Monday, April 10, 2006

Kevin Rollins, president and CEO of Dell Computer, seems about as down-to-Earth as you might want to find. Saturday night saw Mr. Rollins accept an award for distinguished business leadership from the Washington, D.C., chapter of the Brigham Young University Management Society, a group of alumni and friends of the Marriott School of Business at the aforementioned BYU.

Mr. Rollins acceptance speech was preceded by a kind introduction from Richard Marriott, who rightly proclaimed Mr. Rollins - a seeming polymath who is athletic, plays piano and violin, is deeply committed to his faith and, oh, yes, runs a multi-billion dollar company that is one of the most admired on the planet - one of BYU’s most multi-faceted alums. Then came a humorous, self-deprecating video look at Mr. Rollins’ first day on the job as CEO, including taking an order over the phone and watering the plants in the headquarters lobby.

Instead of talking about computers or technology or the Internet, Mr. Rollins confined his brief remarks to a discussion of what makes people successful. He said there was no standard formula, but a combination of forces, including serendipity, that come together in each life. As with Antonio Stradivarius’ violins - the finest ever produced - some things defy scientific analysis and explanation, he explained.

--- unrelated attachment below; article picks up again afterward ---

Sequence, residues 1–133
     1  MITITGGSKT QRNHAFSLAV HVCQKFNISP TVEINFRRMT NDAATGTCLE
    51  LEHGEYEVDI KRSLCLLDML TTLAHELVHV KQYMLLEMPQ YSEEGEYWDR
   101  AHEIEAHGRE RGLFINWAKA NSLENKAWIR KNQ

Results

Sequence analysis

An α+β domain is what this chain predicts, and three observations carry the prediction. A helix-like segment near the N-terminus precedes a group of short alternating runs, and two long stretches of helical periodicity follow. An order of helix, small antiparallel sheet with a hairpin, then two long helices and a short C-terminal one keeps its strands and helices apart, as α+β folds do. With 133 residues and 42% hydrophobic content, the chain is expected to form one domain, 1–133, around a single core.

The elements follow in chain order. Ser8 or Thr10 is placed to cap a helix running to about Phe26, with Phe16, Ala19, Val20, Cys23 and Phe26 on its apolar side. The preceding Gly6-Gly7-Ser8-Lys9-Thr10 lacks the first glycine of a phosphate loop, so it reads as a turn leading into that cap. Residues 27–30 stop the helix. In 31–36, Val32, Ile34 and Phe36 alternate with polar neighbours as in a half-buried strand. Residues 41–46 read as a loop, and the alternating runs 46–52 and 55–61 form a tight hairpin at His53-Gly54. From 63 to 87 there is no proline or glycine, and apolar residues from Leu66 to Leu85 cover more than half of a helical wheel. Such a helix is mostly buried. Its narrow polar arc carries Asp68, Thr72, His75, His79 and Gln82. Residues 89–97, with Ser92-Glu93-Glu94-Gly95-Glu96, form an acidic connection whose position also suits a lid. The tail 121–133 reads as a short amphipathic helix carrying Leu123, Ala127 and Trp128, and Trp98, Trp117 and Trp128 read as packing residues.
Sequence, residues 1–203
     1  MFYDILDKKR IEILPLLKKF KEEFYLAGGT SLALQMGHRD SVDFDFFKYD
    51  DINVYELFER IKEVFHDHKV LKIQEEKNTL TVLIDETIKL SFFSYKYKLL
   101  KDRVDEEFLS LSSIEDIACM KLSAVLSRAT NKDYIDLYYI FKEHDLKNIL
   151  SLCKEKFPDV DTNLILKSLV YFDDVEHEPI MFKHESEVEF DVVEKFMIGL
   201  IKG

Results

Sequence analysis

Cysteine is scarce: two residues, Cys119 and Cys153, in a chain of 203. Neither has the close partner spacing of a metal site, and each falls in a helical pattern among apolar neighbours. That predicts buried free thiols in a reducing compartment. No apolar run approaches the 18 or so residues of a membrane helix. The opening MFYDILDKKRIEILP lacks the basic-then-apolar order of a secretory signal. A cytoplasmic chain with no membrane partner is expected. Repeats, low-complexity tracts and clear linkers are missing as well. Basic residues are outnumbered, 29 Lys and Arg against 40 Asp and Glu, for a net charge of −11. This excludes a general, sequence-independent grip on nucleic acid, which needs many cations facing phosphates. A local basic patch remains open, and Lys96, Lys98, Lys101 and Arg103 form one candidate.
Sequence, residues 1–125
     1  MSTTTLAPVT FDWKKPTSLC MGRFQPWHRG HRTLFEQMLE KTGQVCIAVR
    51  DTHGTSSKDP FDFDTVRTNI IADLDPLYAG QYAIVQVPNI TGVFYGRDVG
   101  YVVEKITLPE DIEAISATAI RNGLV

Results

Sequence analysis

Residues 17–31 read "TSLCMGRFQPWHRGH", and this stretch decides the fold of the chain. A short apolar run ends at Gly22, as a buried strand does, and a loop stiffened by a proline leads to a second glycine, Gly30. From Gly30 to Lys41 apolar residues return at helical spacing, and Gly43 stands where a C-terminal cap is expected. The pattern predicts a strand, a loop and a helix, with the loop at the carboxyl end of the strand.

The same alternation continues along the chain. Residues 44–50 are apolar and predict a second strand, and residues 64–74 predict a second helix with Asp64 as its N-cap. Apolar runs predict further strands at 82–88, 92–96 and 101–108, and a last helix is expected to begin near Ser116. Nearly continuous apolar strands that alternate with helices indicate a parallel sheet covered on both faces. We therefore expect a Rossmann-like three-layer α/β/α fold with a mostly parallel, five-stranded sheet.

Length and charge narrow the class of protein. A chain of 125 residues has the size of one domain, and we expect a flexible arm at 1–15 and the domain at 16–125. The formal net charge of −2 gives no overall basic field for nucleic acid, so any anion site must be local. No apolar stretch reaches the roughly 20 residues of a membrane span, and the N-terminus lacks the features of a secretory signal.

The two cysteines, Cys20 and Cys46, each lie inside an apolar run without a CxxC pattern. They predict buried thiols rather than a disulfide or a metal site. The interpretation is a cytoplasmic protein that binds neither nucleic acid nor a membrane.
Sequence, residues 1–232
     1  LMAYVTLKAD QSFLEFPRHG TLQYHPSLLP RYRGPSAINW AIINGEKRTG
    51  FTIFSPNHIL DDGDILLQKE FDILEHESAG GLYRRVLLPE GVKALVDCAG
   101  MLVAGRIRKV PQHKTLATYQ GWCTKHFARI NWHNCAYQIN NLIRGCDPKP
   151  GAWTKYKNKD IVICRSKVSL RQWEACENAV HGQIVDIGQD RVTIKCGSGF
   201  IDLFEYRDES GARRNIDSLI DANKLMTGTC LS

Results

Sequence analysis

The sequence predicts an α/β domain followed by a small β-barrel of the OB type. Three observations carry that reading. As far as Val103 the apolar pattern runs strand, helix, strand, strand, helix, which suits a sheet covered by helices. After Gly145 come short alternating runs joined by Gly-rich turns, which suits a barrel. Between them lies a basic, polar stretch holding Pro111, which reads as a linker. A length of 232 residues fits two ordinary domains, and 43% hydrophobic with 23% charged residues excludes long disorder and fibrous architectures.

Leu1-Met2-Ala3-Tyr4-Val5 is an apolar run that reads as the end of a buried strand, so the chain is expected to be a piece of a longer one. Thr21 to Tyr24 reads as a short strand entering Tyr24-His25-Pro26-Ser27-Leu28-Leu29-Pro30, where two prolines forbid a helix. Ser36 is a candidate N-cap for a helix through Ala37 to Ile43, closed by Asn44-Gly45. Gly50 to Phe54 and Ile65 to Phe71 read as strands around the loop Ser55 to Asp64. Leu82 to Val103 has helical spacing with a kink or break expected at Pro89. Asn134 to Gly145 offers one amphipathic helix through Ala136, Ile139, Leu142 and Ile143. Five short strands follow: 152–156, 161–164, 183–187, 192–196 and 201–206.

Before the ceremony, I had a chance to speak briefly with Mr. Rollins, who can be as direct as he is self-effacing. Asked if, in light of last week’s news that Intel-based Macintosh computers can now run Microsoft Windows whether he’d want to run Apple Computer’s OS X on Dell hardware, he smiled and uttered one word: “Yes.”

Such forthrightness - and willingness to consider the use of OS X on his firm’s machines - echoes some comments Dell Chief Technology Officer Kevin Kettler made at the Linux World Expo last week. According to CNET News, Mr. Kettler said it was Dell’s push against Intel’s ill-starred HomeRF networking technology that made 802.11 wireless a standard for work AND home users.

Perhaps there’s more to those folks in Texas than meets the eye.

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